This is better than all the patent blood medicines that are in the market — a superior blood purifier, and will cure almost any malignant sore, by taking according to direction, and washing the sore with a strong tea of red raspberry leaves steeped, first washing the sore with castile soap, then drying with a soft cloth, and washing it with the strong tea of red raspberry leaves.


TAKE three fresh eggs and break them into one quart of clear, cold rain-water; stir until thoroughly mixed; bring to a boil on a slow fire, stirring often; then add half an ounce of sulphate of zinc (white vitrol); continue the boiling for two minutes, then set it off the fire. Take the curd that settles at the bottom of this and apply to the eye at night with a bandage. It will speedily draw out all fever and soreness. Strain the liquid through a cloth and use for bathing the eyes occasionally. This is the best eyewater ever made for man or beast. I have used it for twenty years without knowing it to fail.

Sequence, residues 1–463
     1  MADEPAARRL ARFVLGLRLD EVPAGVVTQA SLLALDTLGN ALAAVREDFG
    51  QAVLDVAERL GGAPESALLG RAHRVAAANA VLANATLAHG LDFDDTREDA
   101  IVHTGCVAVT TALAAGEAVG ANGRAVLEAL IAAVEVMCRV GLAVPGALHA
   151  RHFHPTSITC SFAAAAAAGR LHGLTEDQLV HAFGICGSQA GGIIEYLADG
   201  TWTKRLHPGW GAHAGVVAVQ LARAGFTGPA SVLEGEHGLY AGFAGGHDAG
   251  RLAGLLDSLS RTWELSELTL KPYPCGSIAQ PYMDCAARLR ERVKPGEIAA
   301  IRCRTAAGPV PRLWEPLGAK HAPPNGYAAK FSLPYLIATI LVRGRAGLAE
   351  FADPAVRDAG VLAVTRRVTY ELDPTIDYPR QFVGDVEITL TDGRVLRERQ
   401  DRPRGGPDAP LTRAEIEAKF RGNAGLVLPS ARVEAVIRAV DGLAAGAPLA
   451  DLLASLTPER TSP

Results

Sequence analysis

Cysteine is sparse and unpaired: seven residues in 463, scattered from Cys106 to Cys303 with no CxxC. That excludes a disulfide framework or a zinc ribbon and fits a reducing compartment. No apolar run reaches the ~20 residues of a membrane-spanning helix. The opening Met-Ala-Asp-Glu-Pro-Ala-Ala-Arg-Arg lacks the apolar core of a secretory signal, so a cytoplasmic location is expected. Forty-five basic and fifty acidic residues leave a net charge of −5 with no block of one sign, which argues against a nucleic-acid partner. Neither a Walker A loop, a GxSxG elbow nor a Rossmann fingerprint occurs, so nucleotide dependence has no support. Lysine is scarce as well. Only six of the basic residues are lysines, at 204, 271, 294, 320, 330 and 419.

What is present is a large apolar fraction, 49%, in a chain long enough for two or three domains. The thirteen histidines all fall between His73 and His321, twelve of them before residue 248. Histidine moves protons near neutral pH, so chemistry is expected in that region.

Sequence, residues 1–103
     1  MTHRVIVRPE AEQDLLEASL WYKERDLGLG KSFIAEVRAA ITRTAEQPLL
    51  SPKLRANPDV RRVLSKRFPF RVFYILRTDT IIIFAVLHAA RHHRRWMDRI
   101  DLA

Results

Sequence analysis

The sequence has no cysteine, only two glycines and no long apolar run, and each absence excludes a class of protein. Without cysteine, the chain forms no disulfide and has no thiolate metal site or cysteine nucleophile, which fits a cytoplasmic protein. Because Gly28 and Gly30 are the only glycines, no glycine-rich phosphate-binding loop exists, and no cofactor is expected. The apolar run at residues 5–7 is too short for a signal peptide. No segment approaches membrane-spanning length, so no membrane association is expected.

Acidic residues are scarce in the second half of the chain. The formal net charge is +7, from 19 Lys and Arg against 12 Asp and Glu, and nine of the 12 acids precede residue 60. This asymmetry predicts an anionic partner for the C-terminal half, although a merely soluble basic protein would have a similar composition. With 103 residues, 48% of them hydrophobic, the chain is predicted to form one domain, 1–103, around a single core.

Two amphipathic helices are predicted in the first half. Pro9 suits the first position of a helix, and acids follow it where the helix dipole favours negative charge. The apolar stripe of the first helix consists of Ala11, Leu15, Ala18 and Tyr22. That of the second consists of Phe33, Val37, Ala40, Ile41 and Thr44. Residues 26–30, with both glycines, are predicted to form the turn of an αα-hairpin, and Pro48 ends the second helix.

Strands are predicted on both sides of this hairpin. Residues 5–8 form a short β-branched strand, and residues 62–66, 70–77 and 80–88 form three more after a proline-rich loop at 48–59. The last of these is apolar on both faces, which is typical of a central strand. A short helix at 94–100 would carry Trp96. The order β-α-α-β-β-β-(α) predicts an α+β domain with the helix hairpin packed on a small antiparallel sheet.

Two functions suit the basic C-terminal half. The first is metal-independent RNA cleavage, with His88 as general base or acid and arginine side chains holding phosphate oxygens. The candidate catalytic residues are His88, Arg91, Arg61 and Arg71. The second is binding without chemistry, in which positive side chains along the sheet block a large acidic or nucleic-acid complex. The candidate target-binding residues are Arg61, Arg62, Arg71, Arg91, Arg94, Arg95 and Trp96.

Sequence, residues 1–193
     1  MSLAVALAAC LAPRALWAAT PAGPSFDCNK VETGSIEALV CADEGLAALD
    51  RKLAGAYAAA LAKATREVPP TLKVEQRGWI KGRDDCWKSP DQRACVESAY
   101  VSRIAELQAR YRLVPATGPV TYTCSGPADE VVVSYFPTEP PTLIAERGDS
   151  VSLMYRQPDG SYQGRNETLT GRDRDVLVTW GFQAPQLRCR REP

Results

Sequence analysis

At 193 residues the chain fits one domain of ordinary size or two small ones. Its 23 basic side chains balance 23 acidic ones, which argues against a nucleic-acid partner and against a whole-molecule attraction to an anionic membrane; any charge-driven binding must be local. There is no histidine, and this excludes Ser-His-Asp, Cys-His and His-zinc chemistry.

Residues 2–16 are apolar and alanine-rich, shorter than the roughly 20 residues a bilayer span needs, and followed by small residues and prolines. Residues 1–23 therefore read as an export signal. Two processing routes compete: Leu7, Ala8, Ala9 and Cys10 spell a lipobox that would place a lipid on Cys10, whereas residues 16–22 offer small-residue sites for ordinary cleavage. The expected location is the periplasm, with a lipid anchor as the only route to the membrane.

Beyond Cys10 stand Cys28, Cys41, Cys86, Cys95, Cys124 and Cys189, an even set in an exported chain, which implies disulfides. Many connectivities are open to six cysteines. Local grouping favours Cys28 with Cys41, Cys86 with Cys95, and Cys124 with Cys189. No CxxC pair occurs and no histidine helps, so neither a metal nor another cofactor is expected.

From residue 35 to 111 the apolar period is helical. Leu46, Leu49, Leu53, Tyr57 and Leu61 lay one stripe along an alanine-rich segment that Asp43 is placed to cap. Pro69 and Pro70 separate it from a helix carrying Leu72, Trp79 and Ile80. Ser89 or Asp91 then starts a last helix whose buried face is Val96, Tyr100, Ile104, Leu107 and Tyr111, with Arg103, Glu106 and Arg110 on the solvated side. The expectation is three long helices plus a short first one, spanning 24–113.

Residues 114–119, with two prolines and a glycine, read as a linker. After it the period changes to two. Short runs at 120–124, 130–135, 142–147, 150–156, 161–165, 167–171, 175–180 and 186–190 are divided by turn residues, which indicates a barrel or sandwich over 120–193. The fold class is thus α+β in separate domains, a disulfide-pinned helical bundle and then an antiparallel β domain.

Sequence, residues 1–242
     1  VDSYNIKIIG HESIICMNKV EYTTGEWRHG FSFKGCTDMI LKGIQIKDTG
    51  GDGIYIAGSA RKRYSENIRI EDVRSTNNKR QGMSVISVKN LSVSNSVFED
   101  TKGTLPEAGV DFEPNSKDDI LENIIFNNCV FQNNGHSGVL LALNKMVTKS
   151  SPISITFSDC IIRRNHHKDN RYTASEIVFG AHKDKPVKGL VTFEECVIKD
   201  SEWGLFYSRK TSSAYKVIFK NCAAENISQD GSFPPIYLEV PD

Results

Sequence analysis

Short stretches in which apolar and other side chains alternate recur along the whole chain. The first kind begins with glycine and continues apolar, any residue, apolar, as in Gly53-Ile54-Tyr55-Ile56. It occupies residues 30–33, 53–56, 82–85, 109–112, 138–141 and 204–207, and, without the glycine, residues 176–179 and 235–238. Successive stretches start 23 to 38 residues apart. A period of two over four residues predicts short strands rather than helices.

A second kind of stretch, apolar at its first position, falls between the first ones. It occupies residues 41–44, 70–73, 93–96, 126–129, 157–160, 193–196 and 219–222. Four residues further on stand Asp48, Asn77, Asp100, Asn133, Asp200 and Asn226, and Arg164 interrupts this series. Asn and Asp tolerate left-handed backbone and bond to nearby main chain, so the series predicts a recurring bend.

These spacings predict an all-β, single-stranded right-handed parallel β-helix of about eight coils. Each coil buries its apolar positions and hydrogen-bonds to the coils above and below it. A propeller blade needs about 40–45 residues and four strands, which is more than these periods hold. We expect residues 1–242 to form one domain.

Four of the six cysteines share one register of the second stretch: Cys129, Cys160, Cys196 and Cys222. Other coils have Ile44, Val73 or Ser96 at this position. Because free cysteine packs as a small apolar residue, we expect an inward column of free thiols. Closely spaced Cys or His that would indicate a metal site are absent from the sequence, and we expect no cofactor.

THESE pills can be manufactured at home and are truly reliable, having been sold and used for more than fifty years in Europe. The ingredients may be procured at almost any druggist's. The articles should be all in the powder. Saffron one grain, rue one grain, Scot aloes two grains, savin one grain, cayenne pepper one grain. Mix all into a very thick mass by adding sufficient syrup. Rub some fine starch on the surface of a platter or large dinner-plate, then with your forefinger and thumb nip off a small piece of the mass the size of a pill and roll it in pill form, first dipping your fingers in the starch. Place them as fast as made on the platter, set where they will dry slowly. Put them into a dry bottle or paper box. Dose, one every night and morning as long as occasion requires.